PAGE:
By Nicole Perlroth
|Morgan Marquis-Boire, left, and Bill Marczak have been looking at the use of computer espionage software by governments. Courtesy of Thor Swift for The New York Times|
Morgan Marquis-Boire works as a Google engineer and Bill Marczak is earning a Ph.D. in computer science. But this summer, the two men have been moonlighting as detectives, chasing an elusive surveillance tool from Bahrain across five continents.
What they found was the widespread use of sophisticated, off-the-shelf computer espionage software by governments with questionable records on human rights. While the software is supposedly sold for use only in criminal investigations, the two came across evidence that it was being used to target political dissidents.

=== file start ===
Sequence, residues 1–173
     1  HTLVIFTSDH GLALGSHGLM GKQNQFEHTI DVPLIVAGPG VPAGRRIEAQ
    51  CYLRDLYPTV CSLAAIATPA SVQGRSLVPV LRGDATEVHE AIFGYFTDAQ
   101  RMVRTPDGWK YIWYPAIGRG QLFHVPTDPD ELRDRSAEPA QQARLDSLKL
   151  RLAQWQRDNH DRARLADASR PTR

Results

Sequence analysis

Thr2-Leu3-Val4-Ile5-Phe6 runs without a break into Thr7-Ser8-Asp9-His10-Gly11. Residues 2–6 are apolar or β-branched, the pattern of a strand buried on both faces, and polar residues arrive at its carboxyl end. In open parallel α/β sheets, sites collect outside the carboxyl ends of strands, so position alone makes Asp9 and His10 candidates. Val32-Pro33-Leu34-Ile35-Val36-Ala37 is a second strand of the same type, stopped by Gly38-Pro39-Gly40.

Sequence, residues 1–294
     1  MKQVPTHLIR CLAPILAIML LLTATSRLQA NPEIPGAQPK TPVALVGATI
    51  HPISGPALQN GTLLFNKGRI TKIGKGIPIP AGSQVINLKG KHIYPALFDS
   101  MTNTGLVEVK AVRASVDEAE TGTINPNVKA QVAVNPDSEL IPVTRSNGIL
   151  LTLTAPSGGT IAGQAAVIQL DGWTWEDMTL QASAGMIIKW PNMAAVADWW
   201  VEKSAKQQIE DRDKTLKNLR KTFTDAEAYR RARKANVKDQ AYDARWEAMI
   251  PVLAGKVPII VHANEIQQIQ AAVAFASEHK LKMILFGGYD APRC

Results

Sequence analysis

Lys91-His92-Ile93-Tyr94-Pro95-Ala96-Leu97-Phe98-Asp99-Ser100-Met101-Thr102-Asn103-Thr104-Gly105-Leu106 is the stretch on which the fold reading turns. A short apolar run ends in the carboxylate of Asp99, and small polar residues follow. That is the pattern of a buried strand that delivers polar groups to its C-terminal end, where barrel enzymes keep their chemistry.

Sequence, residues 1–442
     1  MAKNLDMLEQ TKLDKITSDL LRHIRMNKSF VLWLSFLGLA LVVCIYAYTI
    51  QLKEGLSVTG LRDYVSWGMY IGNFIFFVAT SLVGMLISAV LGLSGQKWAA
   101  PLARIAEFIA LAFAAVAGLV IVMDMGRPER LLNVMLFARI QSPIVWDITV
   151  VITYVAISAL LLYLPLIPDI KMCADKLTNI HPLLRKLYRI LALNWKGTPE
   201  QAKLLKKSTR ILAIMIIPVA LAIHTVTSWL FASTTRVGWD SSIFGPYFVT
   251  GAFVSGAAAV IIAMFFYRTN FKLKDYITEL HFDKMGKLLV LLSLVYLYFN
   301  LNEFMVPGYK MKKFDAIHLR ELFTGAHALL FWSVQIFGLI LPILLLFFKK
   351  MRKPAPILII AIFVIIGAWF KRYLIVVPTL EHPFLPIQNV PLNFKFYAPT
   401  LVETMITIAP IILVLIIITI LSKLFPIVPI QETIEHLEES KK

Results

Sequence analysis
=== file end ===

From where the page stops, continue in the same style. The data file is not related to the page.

The software proved to be the stuff of a spy film: it can grab images of computer screens, record Skype chats, turn on cameras and microphones and log keystrokes. The two men said they discovered mobile versions of the spyware customized for all major mobile phones.
But what made the software especially sophisticated was how well it avoided detection. Its creators specifically engineered it to elude antivirus software made by Kaspersky Lab, Symantec, F-Secure and others.
Source: The New York Times